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AFC Championship Articles - Leave the good ones here

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  • AFC Championship Articles - Leave the good ones here

    "As he basked in the adulation coming his way from the crowd at Sports Authority Field at Mile High, you could tell this one was even more special than his first two trips to the Super Bowl.

    "Playing quarterback there are a number of things that come along with it," Manning said of the criticism aimed his way. "You have to try to keep a level head. You have to eventually focus on doing your job. Nothing more than that."

    That's his way of saying he doesn't pay attention to the doubters. But he's a piٌata for the many legions of critics out there, led by a vocal media that loves to tear him to shreds. How can he avoid it? Publicly he might say that he doesn't care, but privately it bothers him to the core. He's too much of a competitor for it not to, and over the years we've had many a conversation about just that.

    Why is he not appreciated like some others?

    Coming back from neck surgery that could easily have ended his career to get to his third Super Bowl should silence some for a few weeks. Manning took everything Bill Belichick and the Patriots threw at him and made it look like a 7-on-7 drill broke out. New England may as well have set the cutlery out for the carving up that Manning did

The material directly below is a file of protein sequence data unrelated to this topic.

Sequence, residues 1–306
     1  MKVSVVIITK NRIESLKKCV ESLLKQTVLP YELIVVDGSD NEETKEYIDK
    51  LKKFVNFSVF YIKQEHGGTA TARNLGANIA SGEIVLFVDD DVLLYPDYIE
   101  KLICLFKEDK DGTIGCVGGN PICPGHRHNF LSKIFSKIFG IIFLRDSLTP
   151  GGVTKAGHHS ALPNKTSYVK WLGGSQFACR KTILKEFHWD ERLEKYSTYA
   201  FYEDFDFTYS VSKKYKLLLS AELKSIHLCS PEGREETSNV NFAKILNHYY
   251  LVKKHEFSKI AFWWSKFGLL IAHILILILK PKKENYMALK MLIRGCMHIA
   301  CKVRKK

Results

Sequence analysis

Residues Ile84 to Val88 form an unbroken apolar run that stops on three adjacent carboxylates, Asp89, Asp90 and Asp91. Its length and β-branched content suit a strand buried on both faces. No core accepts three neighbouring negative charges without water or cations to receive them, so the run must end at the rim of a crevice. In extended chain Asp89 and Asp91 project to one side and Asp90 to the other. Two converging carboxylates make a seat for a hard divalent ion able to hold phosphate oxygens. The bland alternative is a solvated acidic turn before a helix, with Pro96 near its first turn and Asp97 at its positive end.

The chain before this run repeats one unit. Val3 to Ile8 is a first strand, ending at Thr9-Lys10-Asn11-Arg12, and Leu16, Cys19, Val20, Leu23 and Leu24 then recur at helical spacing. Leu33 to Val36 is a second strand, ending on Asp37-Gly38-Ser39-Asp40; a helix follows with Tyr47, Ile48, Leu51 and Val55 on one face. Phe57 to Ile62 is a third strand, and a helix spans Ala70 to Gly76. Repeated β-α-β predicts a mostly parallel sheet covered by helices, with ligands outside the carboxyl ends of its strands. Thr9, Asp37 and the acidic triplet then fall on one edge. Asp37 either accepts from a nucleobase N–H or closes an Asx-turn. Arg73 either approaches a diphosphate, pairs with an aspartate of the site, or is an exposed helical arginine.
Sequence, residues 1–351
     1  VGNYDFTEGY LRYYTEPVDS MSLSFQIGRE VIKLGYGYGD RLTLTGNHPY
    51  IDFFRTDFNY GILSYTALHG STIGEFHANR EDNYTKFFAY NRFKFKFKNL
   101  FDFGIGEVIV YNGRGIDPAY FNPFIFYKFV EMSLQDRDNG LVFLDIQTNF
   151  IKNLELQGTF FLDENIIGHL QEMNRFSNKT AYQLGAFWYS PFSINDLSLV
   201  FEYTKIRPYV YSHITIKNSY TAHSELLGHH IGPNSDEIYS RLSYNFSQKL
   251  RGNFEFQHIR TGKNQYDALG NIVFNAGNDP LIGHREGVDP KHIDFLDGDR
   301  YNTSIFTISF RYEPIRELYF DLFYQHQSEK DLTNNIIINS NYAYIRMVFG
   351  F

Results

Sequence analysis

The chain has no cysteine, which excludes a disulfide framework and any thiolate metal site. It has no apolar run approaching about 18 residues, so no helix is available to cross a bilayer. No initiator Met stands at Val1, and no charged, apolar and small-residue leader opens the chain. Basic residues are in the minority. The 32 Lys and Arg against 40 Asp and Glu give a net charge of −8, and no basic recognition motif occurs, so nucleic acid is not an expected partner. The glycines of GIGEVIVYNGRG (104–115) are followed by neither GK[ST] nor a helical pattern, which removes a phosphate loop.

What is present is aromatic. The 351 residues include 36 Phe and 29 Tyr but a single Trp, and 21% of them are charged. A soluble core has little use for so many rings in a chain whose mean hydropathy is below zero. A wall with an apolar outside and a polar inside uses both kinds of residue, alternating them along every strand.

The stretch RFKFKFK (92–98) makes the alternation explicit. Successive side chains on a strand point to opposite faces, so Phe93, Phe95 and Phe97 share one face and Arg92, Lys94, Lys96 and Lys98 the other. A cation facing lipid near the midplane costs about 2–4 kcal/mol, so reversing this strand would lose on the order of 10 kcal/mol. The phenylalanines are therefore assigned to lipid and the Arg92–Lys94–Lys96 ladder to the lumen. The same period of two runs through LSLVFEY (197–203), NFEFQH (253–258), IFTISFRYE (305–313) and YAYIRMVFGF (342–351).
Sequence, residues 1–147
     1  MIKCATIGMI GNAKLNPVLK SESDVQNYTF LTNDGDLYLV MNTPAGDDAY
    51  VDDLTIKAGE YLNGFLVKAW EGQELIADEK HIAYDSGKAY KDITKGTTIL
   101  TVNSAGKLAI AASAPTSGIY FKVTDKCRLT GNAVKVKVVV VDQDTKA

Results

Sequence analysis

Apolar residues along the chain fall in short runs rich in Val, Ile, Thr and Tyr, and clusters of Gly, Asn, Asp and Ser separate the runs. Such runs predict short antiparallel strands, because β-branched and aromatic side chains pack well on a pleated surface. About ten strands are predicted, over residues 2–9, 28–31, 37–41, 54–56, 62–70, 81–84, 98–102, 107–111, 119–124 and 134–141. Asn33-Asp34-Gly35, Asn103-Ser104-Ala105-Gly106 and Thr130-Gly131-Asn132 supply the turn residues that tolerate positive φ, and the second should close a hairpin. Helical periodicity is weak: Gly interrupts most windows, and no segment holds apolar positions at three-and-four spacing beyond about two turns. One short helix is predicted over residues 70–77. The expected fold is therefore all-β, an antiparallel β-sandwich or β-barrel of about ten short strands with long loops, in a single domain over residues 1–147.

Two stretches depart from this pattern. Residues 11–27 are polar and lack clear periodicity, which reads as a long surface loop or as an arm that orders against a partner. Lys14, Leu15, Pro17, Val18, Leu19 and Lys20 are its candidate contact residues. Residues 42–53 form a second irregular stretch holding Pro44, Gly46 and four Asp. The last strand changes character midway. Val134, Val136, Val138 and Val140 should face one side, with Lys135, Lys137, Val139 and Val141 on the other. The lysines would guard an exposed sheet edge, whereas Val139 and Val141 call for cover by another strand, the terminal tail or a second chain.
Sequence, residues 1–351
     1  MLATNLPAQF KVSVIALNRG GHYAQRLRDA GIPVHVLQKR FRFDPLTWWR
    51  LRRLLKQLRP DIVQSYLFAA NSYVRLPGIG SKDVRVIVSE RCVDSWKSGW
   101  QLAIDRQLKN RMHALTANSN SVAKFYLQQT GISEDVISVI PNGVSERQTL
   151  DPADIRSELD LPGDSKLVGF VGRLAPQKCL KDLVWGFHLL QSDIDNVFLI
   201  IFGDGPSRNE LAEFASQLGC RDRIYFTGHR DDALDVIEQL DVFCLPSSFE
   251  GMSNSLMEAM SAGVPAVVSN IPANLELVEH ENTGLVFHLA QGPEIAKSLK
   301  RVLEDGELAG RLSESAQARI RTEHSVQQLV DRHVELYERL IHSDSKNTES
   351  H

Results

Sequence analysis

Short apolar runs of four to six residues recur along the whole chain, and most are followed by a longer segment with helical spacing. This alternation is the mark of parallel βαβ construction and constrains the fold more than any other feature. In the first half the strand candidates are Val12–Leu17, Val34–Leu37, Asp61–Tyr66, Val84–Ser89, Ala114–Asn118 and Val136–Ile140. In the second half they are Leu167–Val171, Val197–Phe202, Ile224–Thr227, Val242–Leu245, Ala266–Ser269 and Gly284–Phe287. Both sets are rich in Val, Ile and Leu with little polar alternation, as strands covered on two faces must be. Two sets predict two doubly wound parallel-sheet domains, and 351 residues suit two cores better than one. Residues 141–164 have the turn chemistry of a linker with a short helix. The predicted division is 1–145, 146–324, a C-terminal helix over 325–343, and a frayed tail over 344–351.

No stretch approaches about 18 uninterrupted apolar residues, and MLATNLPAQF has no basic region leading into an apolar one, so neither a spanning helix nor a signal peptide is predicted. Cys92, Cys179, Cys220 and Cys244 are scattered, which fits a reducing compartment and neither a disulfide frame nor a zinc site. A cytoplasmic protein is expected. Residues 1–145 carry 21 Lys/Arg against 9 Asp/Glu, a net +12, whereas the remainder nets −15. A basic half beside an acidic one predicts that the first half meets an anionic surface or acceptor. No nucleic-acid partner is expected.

The turnover the critics expected never came. Instead they saw Manning dominate the Patriots and rival Tom Brady.

    So who's the big-game loser now?

    Since Brady last won a Super Bowl in 2004, Manning will now play in more Super Bowls (3-2), won at least one more (1-0) and right now he's even lost one fewer since then, with Brady losing two. Yes, Brady has the edge in rings, but Manning has now beaten him the last two times they have played in an AFC title game.

    "This should shut up some people about that," one Broncos player said"

    Kick ass article is continued at -
    Last edited by Gutless Drunk; 01-20-2014, 08:35 AM.

  • #2
    He was awesome today.


    • #3
      "Tight end Jacob Tamme and Decker ride to the games with Manning each week."
      How crazy would it be to be driving around on Sunday and pull up to a red light and have these three guys in the car next to you.


      • #4
        "He made Belichick and his coaching staff look silly. He was two steps ahead of them all day.

        "As always, he did an excellent job of reading the defense and he got us into some situations that were less than ideal with his astute play calling and recognition," Belichick said.

        It took Manning and the offense two series to get a feel for the Patriots. It didn't help New England that corner Aqib Talib went down with a knee injury in the first quarter. He was going to play Demaryius Thomas man-up the entire game.

        But I've got news for you: It wouldn't have mattered.